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The Employment and Wage Effects of Immigration: Trade and Labour Economics Perspectives

In: Trade, Investment, Migration and Labour Market Adjustment

Author

Listed:
  • Noel Gaston

    (Bond University)

  • Doug Nelson

    (Tulane University
    University of Nottingham)

Abstract

We may not be living in the age of mass migration, but we are surely living in an age of mass migration.1 From 1965 through 1990 a fairly constant 2.2 per cent of the world population have been migrants.2 However, this has involved an increasing rate of change to keep pace with the growing world population: the stock of migrants grew at 1.2 per cent from 1965 to 1975; 2.2 per cent from 1975 to 1985; and 2.6 per cent from 1985 to 1990. More importantly, for the purposes of this chapter, relative to regional population the share of migrants in the US and Canada rose from 6 per cent in 1965 to 8.6 per cent in 1990 (with the greatest growth in the 1980s and 1990s) while the share in Western Europe rose from 3.6 to 6.1 per cent over the same period. This period has also seen a substantial shift toward developing countries as source countries for this migration: in the United States this share rose from 42 per cent in 1960-64 to over 80 per cent in the 1980s and 1990s; in Canada this share rose from 12 to over 70 per cent, while this share in Australia rose from 7 to over 70 per cent. In the 1990s, Germany and Austria experienced very large flows from Eastern Europe as well.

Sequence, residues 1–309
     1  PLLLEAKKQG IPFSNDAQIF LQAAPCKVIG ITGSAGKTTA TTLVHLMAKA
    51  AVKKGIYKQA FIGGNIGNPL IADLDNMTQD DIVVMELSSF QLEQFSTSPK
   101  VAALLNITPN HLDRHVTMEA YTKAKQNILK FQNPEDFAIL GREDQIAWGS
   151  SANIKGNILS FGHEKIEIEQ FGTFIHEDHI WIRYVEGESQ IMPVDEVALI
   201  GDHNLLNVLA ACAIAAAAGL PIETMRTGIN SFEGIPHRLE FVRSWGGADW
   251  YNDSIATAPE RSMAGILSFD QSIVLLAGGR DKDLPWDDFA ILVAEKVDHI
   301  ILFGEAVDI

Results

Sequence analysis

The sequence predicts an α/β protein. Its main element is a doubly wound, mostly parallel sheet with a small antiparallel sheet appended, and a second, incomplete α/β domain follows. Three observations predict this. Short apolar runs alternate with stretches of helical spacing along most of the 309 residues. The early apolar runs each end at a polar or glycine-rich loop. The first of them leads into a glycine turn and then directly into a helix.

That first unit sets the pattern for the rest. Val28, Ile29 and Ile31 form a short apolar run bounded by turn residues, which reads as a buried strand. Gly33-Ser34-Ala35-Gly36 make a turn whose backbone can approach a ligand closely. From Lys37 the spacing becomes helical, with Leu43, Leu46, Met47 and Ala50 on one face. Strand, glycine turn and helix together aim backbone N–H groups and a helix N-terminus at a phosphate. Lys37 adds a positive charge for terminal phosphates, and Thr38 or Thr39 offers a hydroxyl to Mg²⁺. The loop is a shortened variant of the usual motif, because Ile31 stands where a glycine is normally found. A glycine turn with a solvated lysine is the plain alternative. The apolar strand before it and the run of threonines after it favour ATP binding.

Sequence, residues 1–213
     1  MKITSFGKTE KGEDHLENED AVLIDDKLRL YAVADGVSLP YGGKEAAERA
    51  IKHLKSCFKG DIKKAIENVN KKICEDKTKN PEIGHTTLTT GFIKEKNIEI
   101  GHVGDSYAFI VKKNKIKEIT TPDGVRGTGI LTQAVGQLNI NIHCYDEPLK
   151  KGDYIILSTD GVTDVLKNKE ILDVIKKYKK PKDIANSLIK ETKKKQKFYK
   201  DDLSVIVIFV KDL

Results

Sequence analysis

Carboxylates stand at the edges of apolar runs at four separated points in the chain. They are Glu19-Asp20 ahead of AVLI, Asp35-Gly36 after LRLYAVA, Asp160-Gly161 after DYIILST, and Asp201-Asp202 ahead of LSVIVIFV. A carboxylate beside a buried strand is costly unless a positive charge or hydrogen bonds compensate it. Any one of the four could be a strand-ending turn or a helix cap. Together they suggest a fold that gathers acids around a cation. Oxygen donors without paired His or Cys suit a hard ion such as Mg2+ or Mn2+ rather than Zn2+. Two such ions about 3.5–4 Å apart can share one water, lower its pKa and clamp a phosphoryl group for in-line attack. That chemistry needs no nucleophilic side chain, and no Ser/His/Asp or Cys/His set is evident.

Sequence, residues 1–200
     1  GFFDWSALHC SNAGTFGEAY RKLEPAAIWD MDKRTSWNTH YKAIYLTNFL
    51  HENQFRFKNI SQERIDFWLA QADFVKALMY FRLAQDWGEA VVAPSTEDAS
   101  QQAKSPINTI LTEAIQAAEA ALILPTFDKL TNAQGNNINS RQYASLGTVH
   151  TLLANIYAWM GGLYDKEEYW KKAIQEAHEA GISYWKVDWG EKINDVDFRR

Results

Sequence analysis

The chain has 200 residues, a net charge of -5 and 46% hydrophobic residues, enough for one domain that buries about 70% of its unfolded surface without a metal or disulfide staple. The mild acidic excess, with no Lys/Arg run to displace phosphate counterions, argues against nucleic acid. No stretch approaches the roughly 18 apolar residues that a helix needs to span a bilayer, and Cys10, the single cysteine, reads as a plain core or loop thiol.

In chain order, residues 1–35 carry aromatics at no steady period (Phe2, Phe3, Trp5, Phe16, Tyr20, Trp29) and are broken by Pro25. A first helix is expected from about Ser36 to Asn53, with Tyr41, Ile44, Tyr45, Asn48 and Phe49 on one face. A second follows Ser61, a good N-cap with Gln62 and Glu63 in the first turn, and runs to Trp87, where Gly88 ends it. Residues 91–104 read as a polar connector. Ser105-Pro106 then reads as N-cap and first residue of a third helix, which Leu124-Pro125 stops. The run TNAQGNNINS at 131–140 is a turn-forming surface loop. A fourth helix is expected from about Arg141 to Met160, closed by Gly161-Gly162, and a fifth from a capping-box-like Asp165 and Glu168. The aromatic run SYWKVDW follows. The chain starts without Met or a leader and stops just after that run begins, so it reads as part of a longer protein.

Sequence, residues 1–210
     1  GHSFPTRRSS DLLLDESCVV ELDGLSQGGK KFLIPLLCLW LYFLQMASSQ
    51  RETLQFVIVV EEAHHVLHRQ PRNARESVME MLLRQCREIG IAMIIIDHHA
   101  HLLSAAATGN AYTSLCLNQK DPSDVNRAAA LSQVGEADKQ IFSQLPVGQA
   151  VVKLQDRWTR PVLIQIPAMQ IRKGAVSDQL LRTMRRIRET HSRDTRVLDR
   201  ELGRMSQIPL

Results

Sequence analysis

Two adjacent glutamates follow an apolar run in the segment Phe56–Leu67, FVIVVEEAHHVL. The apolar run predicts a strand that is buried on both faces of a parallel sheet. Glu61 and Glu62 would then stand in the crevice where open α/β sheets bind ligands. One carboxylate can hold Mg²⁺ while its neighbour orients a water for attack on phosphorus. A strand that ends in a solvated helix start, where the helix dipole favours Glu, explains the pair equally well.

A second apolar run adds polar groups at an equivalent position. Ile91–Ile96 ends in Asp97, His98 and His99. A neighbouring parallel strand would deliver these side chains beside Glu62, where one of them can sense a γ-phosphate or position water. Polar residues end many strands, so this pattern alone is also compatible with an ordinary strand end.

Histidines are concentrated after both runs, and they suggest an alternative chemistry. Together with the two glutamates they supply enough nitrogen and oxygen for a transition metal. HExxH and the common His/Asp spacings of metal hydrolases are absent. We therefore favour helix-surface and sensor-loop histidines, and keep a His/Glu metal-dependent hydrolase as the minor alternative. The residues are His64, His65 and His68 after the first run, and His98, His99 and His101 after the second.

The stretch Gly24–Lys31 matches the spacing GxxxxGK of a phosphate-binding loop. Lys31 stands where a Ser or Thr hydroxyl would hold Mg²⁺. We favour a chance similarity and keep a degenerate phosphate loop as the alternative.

Suggested Citation

  • Noel Gaston & Doug Nelson, 2002. "The Employment and Wage Effects of Immigration: Trade and Labour Economics Perspectives," International Economic Association Series, in: David Greenaway & Richard Upward & Katharine Wakelin (ed.), Trade, Investment, Migration and Labour Market Adjustment, chapter 12, pages 201-235, Palgrave Macmillan.
  • Handle: RePEc:pal:intecp:978-1-4039-2018-8_12
    DOI: 10.1057/9781403920188_12
    as

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